Here are four key points that should be top of mind when administrators create professional development (PD) programs for their teachers:
1. Focus on your curriculum and instructional goals.
Technology should play a supporting role in the implementation of new and innovative instructional strategies that make lessons more effective and engaging for students. The best technology training is not about technology, but about learning goals and purposeful use of technology to enhance and extend these goals.
2. Use a blend of different delivery methods.
Recognize that multiple PD opportunities should be offered for a topic, using both online (self-paced and instructor led) and face-to-face (large group, small group, individual) formats. Based on your specific resources and campus environment, you can customize this mix to optimize teacher reach and increase the return on the investment that was made on educational technology.
3. Leverage existing technology.
While a teacher-centric PD program needs to be differentiated, consistency and continuity with the existing platforms is essential. It is often strongly recommended to use the technology that teachers already have—and that they’re already comfortable using—to orchestrate professional development.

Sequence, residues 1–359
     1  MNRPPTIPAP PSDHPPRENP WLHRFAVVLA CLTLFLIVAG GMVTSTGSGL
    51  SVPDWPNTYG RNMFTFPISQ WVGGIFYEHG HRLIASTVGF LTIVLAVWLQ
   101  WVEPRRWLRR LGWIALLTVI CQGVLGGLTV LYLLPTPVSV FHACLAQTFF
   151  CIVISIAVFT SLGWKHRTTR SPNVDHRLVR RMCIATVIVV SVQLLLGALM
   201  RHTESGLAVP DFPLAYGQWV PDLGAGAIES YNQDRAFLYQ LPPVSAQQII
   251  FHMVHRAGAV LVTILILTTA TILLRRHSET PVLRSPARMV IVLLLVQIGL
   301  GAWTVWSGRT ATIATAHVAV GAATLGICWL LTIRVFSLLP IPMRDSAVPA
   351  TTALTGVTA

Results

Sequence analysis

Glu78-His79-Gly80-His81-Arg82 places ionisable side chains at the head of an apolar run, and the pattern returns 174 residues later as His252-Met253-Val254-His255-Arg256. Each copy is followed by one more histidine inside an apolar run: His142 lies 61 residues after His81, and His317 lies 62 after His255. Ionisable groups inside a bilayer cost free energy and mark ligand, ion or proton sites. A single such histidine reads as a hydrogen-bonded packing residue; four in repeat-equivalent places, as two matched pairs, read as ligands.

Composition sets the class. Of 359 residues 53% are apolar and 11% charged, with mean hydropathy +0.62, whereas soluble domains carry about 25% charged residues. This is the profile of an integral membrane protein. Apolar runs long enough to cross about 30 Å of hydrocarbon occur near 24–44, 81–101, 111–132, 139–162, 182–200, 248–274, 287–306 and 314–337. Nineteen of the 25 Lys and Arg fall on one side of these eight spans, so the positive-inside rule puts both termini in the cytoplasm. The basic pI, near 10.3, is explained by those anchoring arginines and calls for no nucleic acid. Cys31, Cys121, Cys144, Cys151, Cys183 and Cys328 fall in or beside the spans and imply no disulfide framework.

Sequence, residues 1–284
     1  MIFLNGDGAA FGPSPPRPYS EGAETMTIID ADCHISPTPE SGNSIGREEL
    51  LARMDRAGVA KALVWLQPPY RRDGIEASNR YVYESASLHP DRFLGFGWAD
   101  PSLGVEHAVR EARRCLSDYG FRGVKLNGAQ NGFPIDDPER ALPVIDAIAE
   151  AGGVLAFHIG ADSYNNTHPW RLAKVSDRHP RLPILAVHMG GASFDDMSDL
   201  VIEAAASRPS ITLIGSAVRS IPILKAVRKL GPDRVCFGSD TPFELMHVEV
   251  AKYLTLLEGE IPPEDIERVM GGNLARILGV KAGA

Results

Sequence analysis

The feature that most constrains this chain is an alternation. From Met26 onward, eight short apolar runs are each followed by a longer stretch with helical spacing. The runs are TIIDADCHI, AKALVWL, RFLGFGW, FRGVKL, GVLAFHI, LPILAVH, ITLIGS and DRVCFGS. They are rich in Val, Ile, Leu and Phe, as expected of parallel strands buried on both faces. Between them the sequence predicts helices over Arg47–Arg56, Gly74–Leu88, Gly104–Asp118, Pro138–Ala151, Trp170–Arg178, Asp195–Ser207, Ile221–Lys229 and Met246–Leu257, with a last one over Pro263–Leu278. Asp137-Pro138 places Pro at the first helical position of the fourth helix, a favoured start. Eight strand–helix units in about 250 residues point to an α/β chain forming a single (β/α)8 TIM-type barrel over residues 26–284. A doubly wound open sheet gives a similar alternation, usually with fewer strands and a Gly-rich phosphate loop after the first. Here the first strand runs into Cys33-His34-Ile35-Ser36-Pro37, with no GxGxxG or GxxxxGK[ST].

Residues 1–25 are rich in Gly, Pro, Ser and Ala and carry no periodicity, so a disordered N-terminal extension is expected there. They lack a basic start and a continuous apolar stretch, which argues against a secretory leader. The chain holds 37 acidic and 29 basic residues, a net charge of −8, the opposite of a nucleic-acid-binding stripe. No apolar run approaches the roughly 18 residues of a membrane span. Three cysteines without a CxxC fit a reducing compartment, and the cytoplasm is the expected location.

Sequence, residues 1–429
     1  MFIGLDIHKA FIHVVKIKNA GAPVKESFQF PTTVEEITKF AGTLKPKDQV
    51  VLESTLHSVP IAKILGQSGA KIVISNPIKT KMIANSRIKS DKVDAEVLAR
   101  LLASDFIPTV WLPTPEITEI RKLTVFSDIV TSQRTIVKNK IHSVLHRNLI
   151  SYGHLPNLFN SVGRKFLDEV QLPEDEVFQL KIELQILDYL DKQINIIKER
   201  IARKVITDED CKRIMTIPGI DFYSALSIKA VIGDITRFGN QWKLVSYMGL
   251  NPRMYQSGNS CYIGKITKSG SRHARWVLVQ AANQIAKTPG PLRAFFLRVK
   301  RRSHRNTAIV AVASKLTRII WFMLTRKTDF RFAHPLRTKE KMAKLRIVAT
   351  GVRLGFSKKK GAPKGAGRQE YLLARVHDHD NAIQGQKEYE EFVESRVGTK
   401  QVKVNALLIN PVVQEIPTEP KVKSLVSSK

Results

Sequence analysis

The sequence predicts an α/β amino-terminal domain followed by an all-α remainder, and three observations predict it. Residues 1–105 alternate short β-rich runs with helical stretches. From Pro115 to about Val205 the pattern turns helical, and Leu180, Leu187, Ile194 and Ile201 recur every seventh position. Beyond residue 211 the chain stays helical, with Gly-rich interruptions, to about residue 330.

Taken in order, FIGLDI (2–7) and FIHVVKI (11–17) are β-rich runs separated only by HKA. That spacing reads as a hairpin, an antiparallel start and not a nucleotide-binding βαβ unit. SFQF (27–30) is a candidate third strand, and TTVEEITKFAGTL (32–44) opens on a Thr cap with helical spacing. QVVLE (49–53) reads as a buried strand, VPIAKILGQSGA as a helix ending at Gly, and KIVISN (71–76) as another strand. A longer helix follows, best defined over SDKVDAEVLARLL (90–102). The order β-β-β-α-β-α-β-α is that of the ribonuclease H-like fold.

4. Offer varied training opportunities.
Online learning is also an effective way to keep teachers engaged in professional development by enabling the creation and delivery “niche” topic sessions. Inter-school cohorts–i.e., all high school biology teachers–can be formed to allow teachers to participate (and customize specifically) in the PD most relevant for them. It also creates great opportunities for meaningful collaboration between teachers, sharing resources and best practices with their colleagues.
The information for this post was taken from an article by Dr. Aleksandra Leis in eSchool News, follow this link for the complete article and more details.